Previous page : The integral of e^(-x^2) from –infinity to infinity

The integral

in a second way. Ok, could we possibly try a similar trick as with some of the other integrals and insert a constant that we then treat as a variable to differentiate? What if we try

This would give us

Perhaps not all that useful. If we try to take partial derivatives then we either need to find the primitive function of our original integrand, or we just get higher and higher powers of *x*. If we try the substitution *u*=*x*^{2} we end up dividing by square root of *u* instead of multiplying by *x*^{2}.

**A second try**

Ok, maybe we should try to put our parameter somewhere else. To start with we have that

Next we put our put our parameter as our upper integration limit. We get

Next we use a similar trick as in the previous method. We square the integral.

**Differentiate with respect to p**

Next we take the derivative of this with respect to *p*– as with some of the previous integrals.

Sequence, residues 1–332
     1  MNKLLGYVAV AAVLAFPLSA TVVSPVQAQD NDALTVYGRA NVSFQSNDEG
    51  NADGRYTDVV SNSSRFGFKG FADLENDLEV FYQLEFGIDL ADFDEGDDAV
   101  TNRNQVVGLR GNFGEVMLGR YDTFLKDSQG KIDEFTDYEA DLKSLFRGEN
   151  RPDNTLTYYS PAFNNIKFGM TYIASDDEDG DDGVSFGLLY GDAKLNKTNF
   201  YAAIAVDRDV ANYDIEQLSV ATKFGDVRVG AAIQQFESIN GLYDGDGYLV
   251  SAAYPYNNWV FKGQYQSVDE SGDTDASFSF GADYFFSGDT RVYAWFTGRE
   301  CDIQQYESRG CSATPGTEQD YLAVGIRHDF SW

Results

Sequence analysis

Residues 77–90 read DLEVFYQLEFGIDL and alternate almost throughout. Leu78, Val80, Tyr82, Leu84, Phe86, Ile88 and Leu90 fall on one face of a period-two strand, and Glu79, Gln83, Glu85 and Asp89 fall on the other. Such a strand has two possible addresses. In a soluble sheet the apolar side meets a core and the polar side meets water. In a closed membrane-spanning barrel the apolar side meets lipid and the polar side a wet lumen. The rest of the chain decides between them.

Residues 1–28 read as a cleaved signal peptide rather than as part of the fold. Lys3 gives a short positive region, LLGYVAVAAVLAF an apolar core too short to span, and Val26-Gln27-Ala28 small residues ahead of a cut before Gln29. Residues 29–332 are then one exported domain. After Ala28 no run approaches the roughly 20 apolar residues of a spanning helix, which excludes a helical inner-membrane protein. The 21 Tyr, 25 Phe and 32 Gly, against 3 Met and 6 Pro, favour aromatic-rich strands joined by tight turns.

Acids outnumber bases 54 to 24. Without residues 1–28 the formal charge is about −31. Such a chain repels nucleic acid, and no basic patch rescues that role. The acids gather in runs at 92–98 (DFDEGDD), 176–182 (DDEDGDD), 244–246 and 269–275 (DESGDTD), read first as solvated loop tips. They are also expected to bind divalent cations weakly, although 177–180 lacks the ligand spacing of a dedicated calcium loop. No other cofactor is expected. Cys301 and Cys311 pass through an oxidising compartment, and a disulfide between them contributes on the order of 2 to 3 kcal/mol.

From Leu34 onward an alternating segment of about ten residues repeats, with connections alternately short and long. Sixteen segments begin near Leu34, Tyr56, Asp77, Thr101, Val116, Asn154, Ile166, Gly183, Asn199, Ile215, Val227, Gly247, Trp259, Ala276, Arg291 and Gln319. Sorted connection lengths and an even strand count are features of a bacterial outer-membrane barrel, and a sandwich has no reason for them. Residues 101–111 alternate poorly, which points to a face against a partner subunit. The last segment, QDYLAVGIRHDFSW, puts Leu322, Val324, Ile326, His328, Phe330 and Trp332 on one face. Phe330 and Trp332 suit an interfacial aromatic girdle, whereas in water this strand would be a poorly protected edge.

Next we do the substitution

This gives us

**Undoing the differentiation**

Next we need to undo the differentiation with respect to p, i.e. we need to find

To do this we do the substitution

Going back to *J*(*p*) we thus have

**Finding the constant of integration**

To find *C* we evaluate this for *p*=0.

But on the other hand we have that

so

or

**Putting it all together**

Now, finally we let p go toward infinity.

And we will thus get

I don’t remember where I saw this integral solved in this way the first time. I have reproduced it from memory and by reasoning, so it might not be done in completely the same way.

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